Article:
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mend (v.)

c. 1200, "to repair" (clothes, a tool, a building), "remove defects" (from something broken, defaced, deranged, or worn), from a shortened form of Old French amender "correct, set right, make better, improve" (see amend). Meaning "to put right, atone for (faults and errors), amend (one's life), repent" is from c. 1300. Intransitive sense of "to grow better, improve" is from late 14c. Related: Mended; mending.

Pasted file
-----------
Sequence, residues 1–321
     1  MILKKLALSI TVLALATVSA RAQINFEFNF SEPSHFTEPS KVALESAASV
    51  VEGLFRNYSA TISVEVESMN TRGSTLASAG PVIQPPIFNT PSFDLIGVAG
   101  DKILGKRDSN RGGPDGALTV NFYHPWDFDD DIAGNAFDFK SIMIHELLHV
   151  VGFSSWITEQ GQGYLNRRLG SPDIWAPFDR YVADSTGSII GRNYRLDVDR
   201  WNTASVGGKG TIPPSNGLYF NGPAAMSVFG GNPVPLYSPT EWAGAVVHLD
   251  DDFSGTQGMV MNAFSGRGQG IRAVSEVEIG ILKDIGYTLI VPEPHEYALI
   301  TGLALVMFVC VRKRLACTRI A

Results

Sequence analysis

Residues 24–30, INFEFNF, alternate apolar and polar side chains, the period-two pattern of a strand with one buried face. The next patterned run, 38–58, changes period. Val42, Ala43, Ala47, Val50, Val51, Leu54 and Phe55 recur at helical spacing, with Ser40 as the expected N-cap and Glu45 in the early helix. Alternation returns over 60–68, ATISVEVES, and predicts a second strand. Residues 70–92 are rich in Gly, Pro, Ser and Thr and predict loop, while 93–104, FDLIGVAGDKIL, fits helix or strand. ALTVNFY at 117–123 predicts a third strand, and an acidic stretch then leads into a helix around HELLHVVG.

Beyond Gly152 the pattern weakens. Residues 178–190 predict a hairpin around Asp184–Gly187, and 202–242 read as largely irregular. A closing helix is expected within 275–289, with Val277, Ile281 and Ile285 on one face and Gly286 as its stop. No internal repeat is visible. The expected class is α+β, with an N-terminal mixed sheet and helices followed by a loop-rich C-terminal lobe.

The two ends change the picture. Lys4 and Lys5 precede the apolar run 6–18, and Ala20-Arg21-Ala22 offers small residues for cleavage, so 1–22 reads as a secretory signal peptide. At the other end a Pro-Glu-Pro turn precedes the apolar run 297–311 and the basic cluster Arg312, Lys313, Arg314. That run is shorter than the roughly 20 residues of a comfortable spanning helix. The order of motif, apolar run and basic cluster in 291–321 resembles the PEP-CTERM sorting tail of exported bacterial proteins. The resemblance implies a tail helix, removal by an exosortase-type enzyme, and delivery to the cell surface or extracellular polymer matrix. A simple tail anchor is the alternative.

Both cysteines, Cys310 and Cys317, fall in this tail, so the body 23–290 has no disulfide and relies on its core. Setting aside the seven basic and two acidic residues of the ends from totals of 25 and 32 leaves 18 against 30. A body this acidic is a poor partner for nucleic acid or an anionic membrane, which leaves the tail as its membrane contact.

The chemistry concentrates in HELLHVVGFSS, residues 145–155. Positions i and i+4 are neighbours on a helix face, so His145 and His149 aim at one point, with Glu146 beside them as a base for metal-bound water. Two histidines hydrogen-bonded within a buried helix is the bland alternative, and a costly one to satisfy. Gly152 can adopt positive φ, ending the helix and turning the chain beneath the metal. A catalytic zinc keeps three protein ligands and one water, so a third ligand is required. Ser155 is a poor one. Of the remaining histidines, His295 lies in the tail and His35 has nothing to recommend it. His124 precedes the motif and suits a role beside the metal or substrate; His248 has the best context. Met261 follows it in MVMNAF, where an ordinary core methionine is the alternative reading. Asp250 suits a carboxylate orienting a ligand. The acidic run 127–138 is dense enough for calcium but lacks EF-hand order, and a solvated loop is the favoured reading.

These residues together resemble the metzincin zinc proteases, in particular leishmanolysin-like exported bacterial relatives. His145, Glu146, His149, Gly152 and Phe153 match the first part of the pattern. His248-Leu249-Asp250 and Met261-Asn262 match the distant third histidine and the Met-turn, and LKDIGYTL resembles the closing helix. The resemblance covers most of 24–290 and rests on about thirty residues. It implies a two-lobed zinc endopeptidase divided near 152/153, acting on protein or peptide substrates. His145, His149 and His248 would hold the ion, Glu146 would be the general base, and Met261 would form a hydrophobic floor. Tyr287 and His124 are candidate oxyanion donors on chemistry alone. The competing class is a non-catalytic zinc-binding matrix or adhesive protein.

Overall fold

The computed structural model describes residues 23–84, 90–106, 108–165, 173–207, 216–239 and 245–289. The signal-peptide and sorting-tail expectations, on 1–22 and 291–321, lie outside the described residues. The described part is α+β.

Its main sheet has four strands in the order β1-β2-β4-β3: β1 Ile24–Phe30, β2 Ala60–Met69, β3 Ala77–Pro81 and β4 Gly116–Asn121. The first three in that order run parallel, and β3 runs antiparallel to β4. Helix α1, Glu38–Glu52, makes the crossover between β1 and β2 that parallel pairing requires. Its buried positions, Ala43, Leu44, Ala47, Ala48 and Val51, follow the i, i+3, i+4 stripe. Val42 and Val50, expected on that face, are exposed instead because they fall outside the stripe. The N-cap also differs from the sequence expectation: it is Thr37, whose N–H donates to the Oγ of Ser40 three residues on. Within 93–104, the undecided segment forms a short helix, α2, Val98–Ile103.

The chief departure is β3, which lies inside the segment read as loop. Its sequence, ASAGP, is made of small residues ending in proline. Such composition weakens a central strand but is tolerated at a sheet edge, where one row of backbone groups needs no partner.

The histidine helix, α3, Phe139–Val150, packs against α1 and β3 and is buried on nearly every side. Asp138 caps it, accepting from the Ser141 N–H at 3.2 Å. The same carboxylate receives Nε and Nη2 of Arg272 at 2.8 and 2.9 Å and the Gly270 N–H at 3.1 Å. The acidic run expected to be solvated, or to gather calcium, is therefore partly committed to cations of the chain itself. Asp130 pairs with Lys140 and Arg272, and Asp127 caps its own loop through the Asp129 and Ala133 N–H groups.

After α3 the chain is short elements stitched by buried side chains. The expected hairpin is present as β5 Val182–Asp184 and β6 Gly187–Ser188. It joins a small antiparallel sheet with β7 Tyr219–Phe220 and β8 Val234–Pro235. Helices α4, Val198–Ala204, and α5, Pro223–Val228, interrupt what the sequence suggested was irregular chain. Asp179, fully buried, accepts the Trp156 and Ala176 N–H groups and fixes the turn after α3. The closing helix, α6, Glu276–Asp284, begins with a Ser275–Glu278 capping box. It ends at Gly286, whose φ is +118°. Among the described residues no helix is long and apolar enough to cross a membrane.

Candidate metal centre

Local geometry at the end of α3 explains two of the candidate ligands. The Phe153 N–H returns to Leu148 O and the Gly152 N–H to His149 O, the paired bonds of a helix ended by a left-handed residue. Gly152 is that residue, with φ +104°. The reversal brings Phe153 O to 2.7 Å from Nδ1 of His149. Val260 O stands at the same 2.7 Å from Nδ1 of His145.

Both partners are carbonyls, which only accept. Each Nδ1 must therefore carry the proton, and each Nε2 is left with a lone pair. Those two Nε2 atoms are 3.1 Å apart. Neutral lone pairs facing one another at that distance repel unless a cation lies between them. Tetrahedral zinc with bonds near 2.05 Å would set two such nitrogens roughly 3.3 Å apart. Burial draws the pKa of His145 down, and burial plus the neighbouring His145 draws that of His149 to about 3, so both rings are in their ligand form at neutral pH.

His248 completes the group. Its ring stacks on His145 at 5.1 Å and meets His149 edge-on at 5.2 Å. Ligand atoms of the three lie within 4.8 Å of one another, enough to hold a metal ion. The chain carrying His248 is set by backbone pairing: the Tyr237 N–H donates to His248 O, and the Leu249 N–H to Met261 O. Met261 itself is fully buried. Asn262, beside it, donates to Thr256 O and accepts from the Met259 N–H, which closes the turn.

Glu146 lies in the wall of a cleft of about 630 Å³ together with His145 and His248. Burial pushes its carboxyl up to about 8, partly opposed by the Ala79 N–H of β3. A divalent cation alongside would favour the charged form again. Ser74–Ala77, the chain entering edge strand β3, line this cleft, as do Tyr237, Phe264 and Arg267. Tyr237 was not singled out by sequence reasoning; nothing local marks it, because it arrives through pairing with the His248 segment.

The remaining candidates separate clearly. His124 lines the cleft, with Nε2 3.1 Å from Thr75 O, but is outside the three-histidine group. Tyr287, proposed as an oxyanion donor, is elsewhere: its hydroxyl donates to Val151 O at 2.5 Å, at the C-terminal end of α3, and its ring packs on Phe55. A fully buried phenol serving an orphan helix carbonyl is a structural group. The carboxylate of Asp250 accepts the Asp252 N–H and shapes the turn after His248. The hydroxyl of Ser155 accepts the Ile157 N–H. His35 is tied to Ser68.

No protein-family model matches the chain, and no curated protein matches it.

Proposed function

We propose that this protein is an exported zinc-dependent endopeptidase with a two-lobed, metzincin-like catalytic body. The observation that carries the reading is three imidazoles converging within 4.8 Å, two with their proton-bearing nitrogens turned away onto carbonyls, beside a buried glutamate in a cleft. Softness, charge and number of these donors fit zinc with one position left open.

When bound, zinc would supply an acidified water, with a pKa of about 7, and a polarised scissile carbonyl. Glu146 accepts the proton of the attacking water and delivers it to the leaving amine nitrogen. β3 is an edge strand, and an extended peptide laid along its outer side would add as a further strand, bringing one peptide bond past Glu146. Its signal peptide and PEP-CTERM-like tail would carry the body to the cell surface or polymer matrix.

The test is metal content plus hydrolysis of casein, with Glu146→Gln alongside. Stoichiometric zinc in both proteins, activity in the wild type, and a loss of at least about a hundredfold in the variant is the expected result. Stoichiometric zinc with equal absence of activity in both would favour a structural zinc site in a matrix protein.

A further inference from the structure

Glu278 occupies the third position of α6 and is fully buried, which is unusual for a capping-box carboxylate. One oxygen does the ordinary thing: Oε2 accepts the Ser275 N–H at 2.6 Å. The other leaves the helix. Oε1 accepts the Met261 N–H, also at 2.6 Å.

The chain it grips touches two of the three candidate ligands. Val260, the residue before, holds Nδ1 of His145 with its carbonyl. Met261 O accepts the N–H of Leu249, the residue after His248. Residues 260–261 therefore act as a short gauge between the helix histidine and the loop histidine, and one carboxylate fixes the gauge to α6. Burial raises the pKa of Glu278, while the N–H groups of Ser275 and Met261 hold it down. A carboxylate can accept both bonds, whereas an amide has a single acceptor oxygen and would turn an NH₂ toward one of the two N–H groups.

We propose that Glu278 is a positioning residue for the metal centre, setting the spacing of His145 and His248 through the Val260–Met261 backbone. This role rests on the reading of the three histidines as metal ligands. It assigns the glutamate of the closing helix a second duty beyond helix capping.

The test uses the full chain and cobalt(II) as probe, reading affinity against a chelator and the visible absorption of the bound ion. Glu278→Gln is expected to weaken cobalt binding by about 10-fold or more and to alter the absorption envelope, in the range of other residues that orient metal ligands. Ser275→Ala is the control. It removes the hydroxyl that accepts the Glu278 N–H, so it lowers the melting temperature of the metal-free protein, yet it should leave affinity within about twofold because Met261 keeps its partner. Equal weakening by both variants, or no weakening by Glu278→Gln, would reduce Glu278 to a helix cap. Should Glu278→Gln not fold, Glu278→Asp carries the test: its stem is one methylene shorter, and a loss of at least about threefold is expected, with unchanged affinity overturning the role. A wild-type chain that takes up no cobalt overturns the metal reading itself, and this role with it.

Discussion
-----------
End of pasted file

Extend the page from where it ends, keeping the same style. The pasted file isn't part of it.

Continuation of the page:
mend (n.)

early 14c., "recompense, reparation," a shortened form of amends. Sense of "a remedy, cure" (now obsolete) is from mid-14c., from mend (v.). Meaning "act of mending; a repaired hole or rip in fabric" is from 1888. Phrase on the mend "on the path to recovering from sickness, improving in condition" is attested by 1802.

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